Which raises another question about the brain. If its components are not altered by their interaction, can those components be separately widely in space and work at a much slower rate? Could parts of an imitation brain be placed on different planets around different stars or even in different galaxies? The interaction of these parts would be limited by the speed of light, but so long as the interaction accurately reproduced that in a real brain, why should consciousness not arise in the same way? After all, in a real brain, any given particle is in immediate contact with only a tiny fraction of all the other particles in the brain. And yet a unitary consciousness arises. To say that consciousness depends on a particular kind of matter interacting in a particular kind of way is to make a mathematical statement: information is being exchanged like this, not like that.

But the “this” is achievable in other ways. And why should the speed of the interaction be important? Suppose that there were some superhuman power that could freeze in time all the particles in our universe relative to those in another universe. Suppose that the power began to stop and start the particles of our universe, as though it were turning a light off and on or slowly strumming a harp. Each second of subjective time for human beings might be separated by an indefinite period of frozen time of which the human beings were unaware. A day of frozen time might elapse between each second of fluidity, or a century, or a millennium, or a kalpa / कल्प (a unit of Hindu time equal to 4.32 billion years). Or much, much longer than a kalpa. If that were actually taking place in our universe, what difference would it make to our consciousness? None at all, one would assume. So long as the activity of the brain were unaltered before and after each universal freeze, consciousness would, one assumes, continue as it does in a never-frozen universe.

Either way, we step continually over great gulfs of time and never notice them gaping beneath our feet. We can’t perceive very small units of time, so we aren’t aware of what’s happening from, say, one microsecond to the next:

Subjective experience of time is just that — subjective. Even individual people, who can compare notes by talking to one another, cannot know for certain that their own experience coincides with that of others. But an objective measure which probably correlates with subjective experience does exist. It is called the critical flicker-fusion frequency, or CFF, and it is the lowest frequency at which a flickering light appears to be a constant source of illumination. It measures, in other words, how fast an animal’s eyes can refresh an image and thus process information. For people, the average CFF is 60 hertz (ie, 60 times a second). This is why the refresh-rate on a television screen is usually set at that value. Dogs have a CFF of 80Hz, which is probably why they do not seem to like watching television. To a dog a TV programme looks like a series of rapidly changing stills. (Small creatures with fast metabolisms see the world like an action replay, The Economist, Sep 21st 2013)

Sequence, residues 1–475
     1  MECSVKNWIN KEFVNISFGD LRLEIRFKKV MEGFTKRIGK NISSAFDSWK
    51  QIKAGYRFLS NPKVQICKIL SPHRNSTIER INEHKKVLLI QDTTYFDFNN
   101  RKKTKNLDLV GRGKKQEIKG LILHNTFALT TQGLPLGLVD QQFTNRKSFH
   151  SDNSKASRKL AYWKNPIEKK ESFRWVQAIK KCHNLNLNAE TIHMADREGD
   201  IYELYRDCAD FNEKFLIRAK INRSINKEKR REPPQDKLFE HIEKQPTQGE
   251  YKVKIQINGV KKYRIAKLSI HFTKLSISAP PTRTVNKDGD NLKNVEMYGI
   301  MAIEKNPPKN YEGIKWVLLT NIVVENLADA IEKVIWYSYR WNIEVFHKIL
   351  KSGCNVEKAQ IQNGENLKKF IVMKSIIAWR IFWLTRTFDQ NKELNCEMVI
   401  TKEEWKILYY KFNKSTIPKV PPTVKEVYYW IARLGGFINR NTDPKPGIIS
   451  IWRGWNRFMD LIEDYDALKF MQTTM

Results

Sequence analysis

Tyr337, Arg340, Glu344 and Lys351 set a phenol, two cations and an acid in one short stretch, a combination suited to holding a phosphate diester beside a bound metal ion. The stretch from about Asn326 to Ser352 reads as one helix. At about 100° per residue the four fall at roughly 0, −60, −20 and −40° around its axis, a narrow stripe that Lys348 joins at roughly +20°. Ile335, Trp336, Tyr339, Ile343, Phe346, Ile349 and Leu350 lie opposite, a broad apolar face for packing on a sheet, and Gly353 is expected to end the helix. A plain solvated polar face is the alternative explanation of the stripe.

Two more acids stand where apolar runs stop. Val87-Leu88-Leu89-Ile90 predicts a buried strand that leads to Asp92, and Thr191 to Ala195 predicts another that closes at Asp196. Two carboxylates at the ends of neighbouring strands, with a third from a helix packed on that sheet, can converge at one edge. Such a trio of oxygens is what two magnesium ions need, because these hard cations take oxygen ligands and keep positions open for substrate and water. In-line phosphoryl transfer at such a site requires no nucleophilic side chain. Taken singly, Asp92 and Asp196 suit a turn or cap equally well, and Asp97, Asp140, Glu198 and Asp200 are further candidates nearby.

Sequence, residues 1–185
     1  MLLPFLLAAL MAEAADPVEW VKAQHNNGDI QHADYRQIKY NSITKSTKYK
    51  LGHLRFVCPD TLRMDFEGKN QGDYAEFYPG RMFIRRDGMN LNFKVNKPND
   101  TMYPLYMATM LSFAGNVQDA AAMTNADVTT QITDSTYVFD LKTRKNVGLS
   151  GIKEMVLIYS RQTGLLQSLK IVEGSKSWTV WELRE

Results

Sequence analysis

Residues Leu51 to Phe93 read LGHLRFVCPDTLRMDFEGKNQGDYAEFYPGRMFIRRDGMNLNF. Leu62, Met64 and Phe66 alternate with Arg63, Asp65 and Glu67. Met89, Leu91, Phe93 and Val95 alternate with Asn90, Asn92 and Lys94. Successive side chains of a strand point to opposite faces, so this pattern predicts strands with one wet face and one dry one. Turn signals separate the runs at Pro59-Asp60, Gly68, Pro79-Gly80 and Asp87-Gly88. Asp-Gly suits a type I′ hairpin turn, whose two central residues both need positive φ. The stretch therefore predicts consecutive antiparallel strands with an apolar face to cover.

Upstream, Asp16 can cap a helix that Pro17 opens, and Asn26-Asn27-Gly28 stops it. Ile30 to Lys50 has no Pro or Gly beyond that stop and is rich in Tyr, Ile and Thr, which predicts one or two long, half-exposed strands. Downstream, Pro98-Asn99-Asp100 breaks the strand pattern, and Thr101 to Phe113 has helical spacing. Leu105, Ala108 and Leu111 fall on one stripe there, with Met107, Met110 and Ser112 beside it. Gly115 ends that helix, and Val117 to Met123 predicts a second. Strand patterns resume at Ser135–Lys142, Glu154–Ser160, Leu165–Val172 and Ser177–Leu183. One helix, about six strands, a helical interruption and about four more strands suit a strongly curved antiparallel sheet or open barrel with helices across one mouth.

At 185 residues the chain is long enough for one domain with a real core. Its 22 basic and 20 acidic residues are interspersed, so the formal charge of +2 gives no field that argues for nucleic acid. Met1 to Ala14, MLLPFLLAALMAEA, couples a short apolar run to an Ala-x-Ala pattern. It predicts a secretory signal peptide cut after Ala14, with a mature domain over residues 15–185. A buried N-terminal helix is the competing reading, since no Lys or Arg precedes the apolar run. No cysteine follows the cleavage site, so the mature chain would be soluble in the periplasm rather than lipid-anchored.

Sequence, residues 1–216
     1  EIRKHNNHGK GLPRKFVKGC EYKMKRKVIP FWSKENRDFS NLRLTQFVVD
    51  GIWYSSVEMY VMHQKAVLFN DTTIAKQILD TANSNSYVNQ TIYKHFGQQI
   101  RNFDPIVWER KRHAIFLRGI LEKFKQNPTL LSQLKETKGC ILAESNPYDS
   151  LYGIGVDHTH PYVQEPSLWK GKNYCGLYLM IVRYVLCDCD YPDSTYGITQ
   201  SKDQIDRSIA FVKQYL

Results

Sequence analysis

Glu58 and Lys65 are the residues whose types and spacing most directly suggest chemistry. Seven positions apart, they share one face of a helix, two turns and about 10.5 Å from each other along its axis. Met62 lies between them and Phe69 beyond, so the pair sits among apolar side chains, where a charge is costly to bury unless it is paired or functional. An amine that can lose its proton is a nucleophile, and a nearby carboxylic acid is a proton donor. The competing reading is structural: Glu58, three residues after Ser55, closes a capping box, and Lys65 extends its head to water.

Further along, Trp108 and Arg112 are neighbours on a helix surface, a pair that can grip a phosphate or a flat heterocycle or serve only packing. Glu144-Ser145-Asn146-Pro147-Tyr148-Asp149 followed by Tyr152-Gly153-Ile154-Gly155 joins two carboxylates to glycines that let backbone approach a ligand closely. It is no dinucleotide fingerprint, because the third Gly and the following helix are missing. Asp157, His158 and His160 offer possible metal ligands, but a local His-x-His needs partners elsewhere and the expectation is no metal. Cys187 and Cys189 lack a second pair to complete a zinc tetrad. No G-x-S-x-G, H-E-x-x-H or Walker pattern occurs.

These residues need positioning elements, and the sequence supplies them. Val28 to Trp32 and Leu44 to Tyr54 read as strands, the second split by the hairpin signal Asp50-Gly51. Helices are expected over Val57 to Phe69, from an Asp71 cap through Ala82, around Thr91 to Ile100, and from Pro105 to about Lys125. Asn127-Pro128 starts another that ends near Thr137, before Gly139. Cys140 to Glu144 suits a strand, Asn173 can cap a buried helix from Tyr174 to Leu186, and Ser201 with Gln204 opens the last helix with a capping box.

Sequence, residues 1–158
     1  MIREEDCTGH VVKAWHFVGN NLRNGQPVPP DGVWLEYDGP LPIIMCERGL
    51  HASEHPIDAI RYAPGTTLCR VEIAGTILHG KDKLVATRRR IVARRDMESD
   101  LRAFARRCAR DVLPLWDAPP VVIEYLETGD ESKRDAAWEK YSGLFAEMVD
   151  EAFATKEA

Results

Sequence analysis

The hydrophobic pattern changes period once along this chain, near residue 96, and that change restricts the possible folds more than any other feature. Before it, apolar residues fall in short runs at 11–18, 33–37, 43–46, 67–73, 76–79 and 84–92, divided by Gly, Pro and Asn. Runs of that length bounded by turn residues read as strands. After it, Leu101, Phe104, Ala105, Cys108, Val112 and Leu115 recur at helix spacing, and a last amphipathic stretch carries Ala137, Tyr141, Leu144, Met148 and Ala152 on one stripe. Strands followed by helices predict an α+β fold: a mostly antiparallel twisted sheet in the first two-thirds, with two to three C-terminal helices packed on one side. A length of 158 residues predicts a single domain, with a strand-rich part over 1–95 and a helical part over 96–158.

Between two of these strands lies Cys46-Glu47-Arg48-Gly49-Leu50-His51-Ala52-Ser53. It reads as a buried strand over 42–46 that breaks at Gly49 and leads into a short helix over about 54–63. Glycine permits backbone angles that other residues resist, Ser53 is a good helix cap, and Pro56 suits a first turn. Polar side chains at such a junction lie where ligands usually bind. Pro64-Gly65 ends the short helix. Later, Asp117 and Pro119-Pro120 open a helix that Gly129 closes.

So a human being can’t see faster than 60 hertz. That’s not even a centisecond. To see each millisecond’s worth of reality, we’d need to see at 1000 hertz. That’s utterly impossible at present. But a lot can happen in a millisecond. Or a microsecond. To see each microsecond of reality, we’d need to see at 1,000,000 hertz. We can’t and perhaps never will. But if we’re never conscious of any particular tiny unit of time, how are we conscious at all? Indeed, if the units are fine enough, the living matter of brains and bodies begins to seem like crystal or stone: altering slowly and autonomously, quite beyond and below conscious control. And perhaps consciousness doesn’t have any control, being an epiphenomenon that rides on matter but does not influence it, like foam on a wave or the glitter of moving parts in a machine.

Machines also make noise, but the noise is an epiphenomenon, not an essential part of the machine’s activity. Flocks also make noise: it can be an eerie experience to see and hear a vast number of birds swirling and shifting like a single organism. Does the flock have a super-consciousness beyond the individual consciousness of the birds taking part in it? It can seem so, but flocks of birds, like schools of fish, are governed by relatively simple rules that can easily be mimicked by computers. They are far less complex than the flock of cells composing the body of an individual fish or bird. And composing its brain. A flock is actually a flock of flocks: the phenomenon is as old as multi-cellular life. Or it’s a flock of flocks of flocks, because an individual cell can be regarded as a flock too. Atoms and molecules are not existing in isolation or within the relative simple structure of a stone or star, but in complex interaction.

Life is a mathematical phenomenon, or rather a particular sub-set of mathematical phenomena. And consciousness must be a sub-set of that sub-set. A liver or heart isn’t conscious; a brain is. But the atoms of a brain have no ontological superiority to those of a liver or heart: it’s their arrangement and interaction that are important. They’re a certain kind of flock within the greater flock of the body and somehow they have the ability to fly on a different plane: a mental one, an immaterial one. Doyle flew there and we can still fly with him through the medium of language. That is all that remains of his consciousness. And of Housman’s:

They shall have breath that never were,
But he that was shall have it ne’er;
The unconceived and unbegot
Shall look on heaven, but he shall not.
The heart with many wild fires lit,
Ice is not so cold as it.
The thirst that rivers could not lay
A little dust has quenched for aye;
And in a fathom’s compass lie
Thoughts much wider than the sky.

(Additional Poems, God’s Acre)

At the Mountains of Mathness